If this is what passes for offensive these days with you guys, then take some time off. Read a book. Go for a walk. And lighten up.

  6. Mike Littwin in today’s DP quoted Jane Norton stating, “We need a NASA budget that doesn’t cater to making Muslims feel good but that is strong on science…”

    Now, we get Buck’s comment.

    I can’t imagine Independents looking favorably at either of these candidates.

    Last week was the McInnis/Maes implosion.  This week it’s the Norton/Buck implosion.  

    July, 2010 is a great month for Colorado Dems.

      1. Schaffer’s picture of parasailing was so powerful because it tied to his taking a lobbist trip there to whitewash the working conditions. Macaca worked well because it tied to Allen clearly being a racist.

        I think they’ll try to use this, both Norton now and Bennetoff in the general. But I think it won’t be worth the effort.

        With that said, it does have a slight impact today/tomorrow. So if Buck loses by a couple of hundred votes – then its impact was gigantic.

    1. There is no Buck history of hating women.  Norton and her boy Penry are desperately looking for anything to stick.  Using sex to get what you want is disgraceful.

  7. Well, should be nothing here, anyway.  This is just a jab back at Norton for her high heel comment.  And Buck actually hauls out the cowboy boots to attach himself to working class farmer types.

    Now, the question is, how does it play in an ad and in the media feeding frenzy?

      1. but, in the longer version, I don’t know who comes across worse.  Buck with his  lame attempts at humor or the crowd laughing as if this guy is really, really entertaining. Especially when he says the word bullshit.  They find that hilarious every time. You’d think he was playing to a bunch of 9 year old boys. Maybe next time he should also mention farts.

  8. the rationale for this comment isn’t really relevant — Buck said it, and now it’s going to be used against him.

    Wow. On the day of the Sherrod fiasco you can say that? Nothing is relevant but some specific words? Sad.

    Look, Buck is crazy and scary and shows it every day. But your statement just further drags down the political process.

  9. throughout the campaign, she has been trying to use her sex because her brain has been MIA.  

    In Colorado springs, she was sure to let everyone know that she wears high heels. Talking to Jon Caldara last Friday, she pointed out that the crucial difference is that she’s a girl. Yesterday, at a Ch 4 debate, she again points out that she’s a girl.

    Then she puts out ads telling Ken to “man up.”

    Ken humorously comments about voting for him because he doesn’t wear high hills, and she gets her girdle in a bunch.  She’s probably screaming enough to crack her Botox.

    I think Norton has offended men everywhere, and offended a lot of women.  There is a word for women who use sex to get what they want.

    1. Marilou, I think you might be confusing Norton using her gender to promote her campaign with using “sex to get what she wants.” Norton isn’t using her biologically constructed anatomy — her sex — to imply that for some reason her two x-chromosomes make her better qualified for office. Rather, to me at least, it seems that her references to all of the trappings of her socially constructed gender — wearing skirts, high heels, and being considered a ‘girl’ — remind potential supporters that she has gone through what all women in powerful positions have gone through. Such statements are commonplace among candidates. All candidates want to impart to voters a personal narrative, and for female, minority, or GLBTQ candidates, a part of that story often consists of reminding voters that they got where they are today by overcoming the inherent difficulties with entering the power-struggle of politics from outside the white, heterosexual, male mainstream.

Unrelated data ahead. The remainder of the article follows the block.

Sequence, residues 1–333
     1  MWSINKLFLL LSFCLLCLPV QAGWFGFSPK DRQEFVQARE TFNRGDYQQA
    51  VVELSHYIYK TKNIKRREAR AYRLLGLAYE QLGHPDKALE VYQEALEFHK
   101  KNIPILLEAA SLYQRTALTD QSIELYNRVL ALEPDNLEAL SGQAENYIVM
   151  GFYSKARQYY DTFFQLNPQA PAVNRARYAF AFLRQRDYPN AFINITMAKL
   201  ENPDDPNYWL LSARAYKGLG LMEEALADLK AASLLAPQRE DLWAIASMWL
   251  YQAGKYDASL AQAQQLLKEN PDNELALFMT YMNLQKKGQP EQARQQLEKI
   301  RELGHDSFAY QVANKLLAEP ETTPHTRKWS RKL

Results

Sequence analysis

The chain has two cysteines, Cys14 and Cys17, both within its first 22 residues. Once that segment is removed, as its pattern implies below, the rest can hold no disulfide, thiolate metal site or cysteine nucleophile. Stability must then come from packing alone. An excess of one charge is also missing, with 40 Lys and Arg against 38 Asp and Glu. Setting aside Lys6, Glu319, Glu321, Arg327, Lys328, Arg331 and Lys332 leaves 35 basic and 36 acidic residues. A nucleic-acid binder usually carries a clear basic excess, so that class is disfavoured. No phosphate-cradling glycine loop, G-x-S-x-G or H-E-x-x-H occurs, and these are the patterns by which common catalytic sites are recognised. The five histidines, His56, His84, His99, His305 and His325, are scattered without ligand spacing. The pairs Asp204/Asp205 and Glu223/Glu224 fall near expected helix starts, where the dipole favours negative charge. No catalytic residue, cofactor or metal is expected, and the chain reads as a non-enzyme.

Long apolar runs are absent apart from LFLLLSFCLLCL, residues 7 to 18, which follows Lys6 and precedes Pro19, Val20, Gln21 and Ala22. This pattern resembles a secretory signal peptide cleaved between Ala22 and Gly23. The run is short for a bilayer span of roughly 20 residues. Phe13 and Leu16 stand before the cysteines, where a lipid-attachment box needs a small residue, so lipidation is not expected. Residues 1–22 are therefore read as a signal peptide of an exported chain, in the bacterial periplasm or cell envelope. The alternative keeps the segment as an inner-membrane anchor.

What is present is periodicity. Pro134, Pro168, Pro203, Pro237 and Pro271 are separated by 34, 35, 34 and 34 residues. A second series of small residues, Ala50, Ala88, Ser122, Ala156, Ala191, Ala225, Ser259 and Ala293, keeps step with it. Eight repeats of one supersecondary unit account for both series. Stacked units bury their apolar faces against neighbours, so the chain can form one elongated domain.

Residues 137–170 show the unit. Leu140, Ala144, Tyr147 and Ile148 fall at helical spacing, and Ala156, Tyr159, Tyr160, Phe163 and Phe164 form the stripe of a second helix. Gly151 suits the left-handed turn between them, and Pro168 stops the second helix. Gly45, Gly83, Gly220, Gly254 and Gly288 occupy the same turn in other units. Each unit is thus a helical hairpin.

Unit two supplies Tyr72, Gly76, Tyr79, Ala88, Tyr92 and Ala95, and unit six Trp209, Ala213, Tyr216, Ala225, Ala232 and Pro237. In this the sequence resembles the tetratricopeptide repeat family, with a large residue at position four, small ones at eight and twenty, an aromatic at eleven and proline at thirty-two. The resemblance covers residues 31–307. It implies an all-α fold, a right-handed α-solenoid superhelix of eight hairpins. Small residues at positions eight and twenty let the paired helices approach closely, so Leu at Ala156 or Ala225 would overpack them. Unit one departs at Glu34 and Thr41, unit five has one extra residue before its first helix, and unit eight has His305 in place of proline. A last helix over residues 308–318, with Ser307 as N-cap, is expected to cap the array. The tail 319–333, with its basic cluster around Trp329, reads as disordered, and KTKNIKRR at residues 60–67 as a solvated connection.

Thus, Norton making a statement about her ‘high-heels’ reminds voters that she will bring her experiences as a woman to office.

      Buck’s comment, however, is nothing of the sort. It is deriding her for her gender, for her wearing the uncomfortable footwear that is a symbol of women’s station as an object of beauty for men to admire, rather than as an intellectual equal competitor for political office.

      That said, like most other Democrats, I think that both Norton and Buck are dangerously-right wing Conservative crazies that are definitely not fit for Senate office. Nor do I think that there is any excuse for Norton’s appeal to traditional gender roles in her attack on Buck’s ‘manhood.’ However, I think that calling out sexism is important, and Buck shouldn’t be let off too easily for his statement, whatever the context, nor do I think that Norton should be faulted for pointing out the barriers and glass ceilings she has encountered in her career.

  10. this story and this video hit MSNBC in it’s clipped version with talks of “sexism”! Some anchors put it in context of the back and forth with Norton and her “man enough” comments and some didn’t. One of the evening anchors did a full story that mentioned her bringing up her comment that voters should choose her because she’s a “girl” or that she brought up the “high heels” thing first.

    I don’t know if he’s sexist or not. I do know that his comment, taken out of context, in this 24/7 news world, is going to hurt. The only thing that will help lessen the pain is that Norton has brought sex into it way before this camera was turned on.